Sinn Fein leader Gerry Adams had told the McGill Summer School in Donegal that in Ireland, “Almost 100 years ago partition created two conservative states ruled in their narrow self-interests by two conservative elites."
He stated that in Northern Ireland, “The northern state was a one party state which reinforced the institutionalised use of discrimination, sectarianism and segregation.”
But he also stated that “Partition also affects this part of the island.
“This state is the product of the counter-revolution that followed the Rising and of a dreadful civil war which tore out the heart at that time of what remained of the generosity of our national spirit.
“As the idealism of the aborted revolution waned a native conservative elite replaced the old English elite with little real change in the organisation of Irish society and no real movement towards a rights based dispensation."
Adams said compassionate and caring religion was one of the casualties.
“Religion was hijacked by mean men who used the gospel not to empower but to control, and narrow moral codes were enforced to subvert the instinctive generosity of our people.
“Women were discriminated against; gay and lesbian citizens were denied equality under the law and all the while scandals like the abuse in the industrial schools, the Magdalene laundries, Bethany Home and the barbaric practice of symphysiotomy were tolerated and encouraged.
“Those who suffered were mostly poor.
"The arts were censored. Our language undermined. Our culture corroded. Millions fled to England, the USA and Australia.
"A lesser people would not have survived.”
He stated that the institutions of government remained very partitionist.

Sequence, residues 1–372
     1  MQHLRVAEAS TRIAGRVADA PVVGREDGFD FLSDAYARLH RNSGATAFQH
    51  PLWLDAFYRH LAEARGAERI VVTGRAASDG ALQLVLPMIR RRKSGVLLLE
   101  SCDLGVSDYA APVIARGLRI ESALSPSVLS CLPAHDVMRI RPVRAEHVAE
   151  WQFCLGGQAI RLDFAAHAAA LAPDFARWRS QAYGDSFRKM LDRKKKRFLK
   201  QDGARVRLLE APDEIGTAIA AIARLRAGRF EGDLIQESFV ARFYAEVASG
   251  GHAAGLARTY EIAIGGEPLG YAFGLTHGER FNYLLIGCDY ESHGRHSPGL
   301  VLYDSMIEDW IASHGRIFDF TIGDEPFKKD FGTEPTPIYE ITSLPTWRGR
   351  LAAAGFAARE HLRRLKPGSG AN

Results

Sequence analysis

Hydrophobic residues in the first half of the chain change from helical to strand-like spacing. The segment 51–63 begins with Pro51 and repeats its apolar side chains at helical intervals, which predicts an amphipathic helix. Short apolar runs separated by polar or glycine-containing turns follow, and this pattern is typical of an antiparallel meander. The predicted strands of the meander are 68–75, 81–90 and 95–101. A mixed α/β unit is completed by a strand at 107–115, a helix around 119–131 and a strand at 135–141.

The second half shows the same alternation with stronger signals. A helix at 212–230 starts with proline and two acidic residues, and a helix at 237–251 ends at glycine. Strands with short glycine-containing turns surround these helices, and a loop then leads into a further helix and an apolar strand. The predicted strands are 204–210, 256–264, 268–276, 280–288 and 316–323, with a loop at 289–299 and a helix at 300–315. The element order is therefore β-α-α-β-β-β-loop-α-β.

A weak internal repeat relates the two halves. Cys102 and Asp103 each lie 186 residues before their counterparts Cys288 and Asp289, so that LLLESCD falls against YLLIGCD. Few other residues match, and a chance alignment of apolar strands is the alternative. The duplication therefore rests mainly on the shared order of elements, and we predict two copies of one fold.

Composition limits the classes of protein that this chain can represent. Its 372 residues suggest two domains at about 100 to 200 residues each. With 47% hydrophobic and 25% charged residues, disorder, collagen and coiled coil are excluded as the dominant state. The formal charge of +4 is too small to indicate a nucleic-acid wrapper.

“Moreover the institutions of this state, whether media, academia as well as the political elites are very partitionist.
“They have their backs to the border.
"While they are generally benign, policy makers knew little about the north and cared even less.
"Their concern is to protect the interests of the establishment as they understand it.”
“This will only be changed when a genuine national spirit is recreated to replace the nonsense popular in some circles that this state is the nation and that Ireland stops at Dundalk or Lifford."
He said the Good Friday Agreement was a foundation document for a new Ireland.
“We are living in a post Good Friday Agreement Ireland.
"This is most obvious in the north.
"But nowhere are the equality safeguards or parity of esteem measures of the Good Friday Agreement reflected in this state, in its governance or the protections for citizens.
"The Good Friday Agreement also envisaged that there would be a Bill of Rights for the north and a Charter of Rights for the island of Ireland.
"There is no Bill of Rights or Charter of Rights and no Civic Forum.
"The Good Friday Agreement also removed the Government of Ireland Act, under which the British government claimed sovereignty over the North, and provided for a poll on Irish unity.
"Such a poll will provide a unique opportunity for a real, inclusive and constructive debate on the future of Ireland.And as sections of unionism, like others, adjust in a more pragmatic and positive way to the merits and advantages of cross border cooperation, particularly on economic issues, we will see more progress,” he said.